This 32-year-old male was referred to the vitreoretina service of our center with a diagnosis of failed RD surgery (right eye); subtotal retinal detachment (left eye). He experienced painless decrease in vision 4 months earlier in the right eye, and a month later in the left. A conventional buckling surgery was attempted at the peripheral center for the right eye, which failed on the second postoperative day. Visual acuity at presentation was hand movements with inaccurate projection in 2 quadrants (right eye) and 6/60 (left eye). The anterior segment, adnexa and the intraocular pressure were normal and the pupillary reactions were brisk. Indirect ophthalmoscopy revealed retinal detachment in both eyes; the right eye had total retinal detachment while left eye had subtotal detachment involving the macula, with shifting subretinal fluids and areas of pigment degeneration. A battery of investigations including haemogram, serology for toxoplasmosis, HIV, tuberculosis and syphilis, thyroid function tests and chest X-ray, were within normal limits. Fluorescein angiography [Figure - 3] revealed well-defined areas of patchy choridal hyperfluorscence in the late phase, with the retinal vessels seen clearly over the patches in both the eyes. Peripapillary leaks were also visible. Indocyanine green [Figure:4a]-[Figure:4b] angiography showed areas of patchy hyperfluorescence around areas of dilated choroidal vessels, starting in the late phases of the angiogram and corresponding to the areas of leakage on the fluorescein angiogram. A diagnosis of exudative retinal detachment due to idiopathic uveal effusion syndrome was made. A full scatter laser photocogulation was done in both eyes in the attached retina and subsequently the patient was put on oral sustained release indomethacin 100mg q4H and topical NSAID eye drops. At the last follow-up (9 months after presentation) the patient has a visual acuity of HM with inaccurate projection in 2 quadrants (right eye) and 6/36 (left eye). Though the detachment had settled in both the eyes at the last follow-up, the fundus in both eyes showed diffuse spotty pigmentation with proliferative vitreo-retinopathy changes in the right eye.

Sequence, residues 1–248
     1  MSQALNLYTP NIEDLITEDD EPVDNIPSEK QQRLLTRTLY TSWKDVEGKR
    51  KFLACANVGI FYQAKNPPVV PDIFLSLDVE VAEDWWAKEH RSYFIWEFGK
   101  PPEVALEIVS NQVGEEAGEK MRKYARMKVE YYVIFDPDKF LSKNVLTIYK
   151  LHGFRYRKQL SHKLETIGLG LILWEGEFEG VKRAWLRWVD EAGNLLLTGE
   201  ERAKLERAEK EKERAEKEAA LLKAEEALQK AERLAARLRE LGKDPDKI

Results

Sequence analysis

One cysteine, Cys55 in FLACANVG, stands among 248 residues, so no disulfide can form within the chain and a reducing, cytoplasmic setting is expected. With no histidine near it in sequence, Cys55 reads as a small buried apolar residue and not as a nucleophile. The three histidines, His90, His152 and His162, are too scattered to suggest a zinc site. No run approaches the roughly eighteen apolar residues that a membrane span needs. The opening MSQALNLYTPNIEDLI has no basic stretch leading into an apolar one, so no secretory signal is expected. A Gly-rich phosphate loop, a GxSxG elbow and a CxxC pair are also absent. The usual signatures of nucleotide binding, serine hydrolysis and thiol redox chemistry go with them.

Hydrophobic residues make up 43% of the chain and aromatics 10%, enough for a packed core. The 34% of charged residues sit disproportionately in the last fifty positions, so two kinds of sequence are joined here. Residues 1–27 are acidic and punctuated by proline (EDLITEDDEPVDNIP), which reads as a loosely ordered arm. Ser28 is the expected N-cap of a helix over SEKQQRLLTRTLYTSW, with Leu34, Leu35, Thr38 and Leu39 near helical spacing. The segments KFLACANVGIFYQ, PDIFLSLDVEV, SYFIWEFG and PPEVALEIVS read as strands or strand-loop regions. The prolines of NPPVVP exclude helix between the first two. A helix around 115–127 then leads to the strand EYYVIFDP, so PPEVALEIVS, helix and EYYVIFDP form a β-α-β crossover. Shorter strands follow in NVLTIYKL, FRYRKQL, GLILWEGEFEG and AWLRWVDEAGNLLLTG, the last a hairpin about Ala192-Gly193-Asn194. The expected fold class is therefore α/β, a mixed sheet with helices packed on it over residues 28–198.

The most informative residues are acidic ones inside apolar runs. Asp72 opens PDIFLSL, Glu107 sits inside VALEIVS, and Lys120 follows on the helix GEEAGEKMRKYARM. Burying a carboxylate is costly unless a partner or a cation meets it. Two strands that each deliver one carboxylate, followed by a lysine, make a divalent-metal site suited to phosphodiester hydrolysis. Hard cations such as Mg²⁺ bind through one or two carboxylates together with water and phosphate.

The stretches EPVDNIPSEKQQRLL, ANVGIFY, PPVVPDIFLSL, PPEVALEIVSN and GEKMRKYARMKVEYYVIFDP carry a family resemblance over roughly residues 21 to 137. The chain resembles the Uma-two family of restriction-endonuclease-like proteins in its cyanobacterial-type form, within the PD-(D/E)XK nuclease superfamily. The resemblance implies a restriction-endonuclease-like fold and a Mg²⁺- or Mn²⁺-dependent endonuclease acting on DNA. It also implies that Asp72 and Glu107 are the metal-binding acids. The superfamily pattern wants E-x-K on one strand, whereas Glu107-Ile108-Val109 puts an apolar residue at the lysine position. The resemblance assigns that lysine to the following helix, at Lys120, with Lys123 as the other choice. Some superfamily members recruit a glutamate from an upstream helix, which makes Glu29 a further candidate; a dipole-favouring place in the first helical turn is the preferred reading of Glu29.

Discussion Top